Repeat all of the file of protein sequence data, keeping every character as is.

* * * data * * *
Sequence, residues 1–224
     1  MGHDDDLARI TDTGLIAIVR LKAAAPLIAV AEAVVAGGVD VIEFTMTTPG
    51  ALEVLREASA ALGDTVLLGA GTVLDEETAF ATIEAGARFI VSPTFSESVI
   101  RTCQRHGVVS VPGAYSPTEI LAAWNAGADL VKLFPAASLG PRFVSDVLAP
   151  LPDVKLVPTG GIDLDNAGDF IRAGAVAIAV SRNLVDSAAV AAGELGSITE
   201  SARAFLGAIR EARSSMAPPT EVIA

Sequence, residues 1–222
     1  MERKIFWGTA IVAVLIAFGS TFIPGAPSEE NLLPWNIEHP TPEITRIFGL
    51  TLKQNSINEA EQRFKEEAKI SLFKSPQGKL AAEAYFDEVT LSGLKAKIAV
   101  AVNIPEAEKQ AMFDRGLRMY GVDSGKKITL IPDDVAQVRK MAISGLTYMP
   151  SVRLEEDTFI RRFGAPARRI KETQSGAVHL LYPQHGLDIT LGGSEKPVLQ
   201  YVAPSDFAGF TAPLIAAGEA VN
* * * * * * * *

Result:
Sequence, residues 1–224
     1  MGHDDDLARI TDTGLIAIVR LKAAAPLIAV AEAVVAGGVD VIEFTMTTPG
    51  ALEVLREASA ALGDTVLLGA GTVLDEETAF ATIEAGARFI VSPTFSESVI
   101  RTCQRHGVVS VPGAYSPTEI LAAWNAGADL VKLFPAASLG PRFVSDVLAP
   151  LPDVKLVPTG GIDLDNAGDF IRAGAVAIAV SRNLVDSAAV AAGELGSITE
   201  SARAFLGAIR EARSSMAPPT EVIA

Sequence, residues 1–222
     1  MERKIFWGTA IVAVLIAFGS TFIPGAPSEE NLLPWNIEHP TPEITRIFGL
    51  TLKQNSINEA EQRFKEEAKI SLFKSPQGKL AAEAYFDEVT LSGLKAKIAV
   101  AVNIPEAEKQ AMFDRGLRMY GVDSGKKITL IPDDVAQVRK MAISGLTYMP
   151  SVRLEEDTFI RRFGAPARRI KETQSGAVHL LYPQHGLDIT LGGSEKPVLQ
   201  YVAPSDFAGF TAPLIAAGEA VN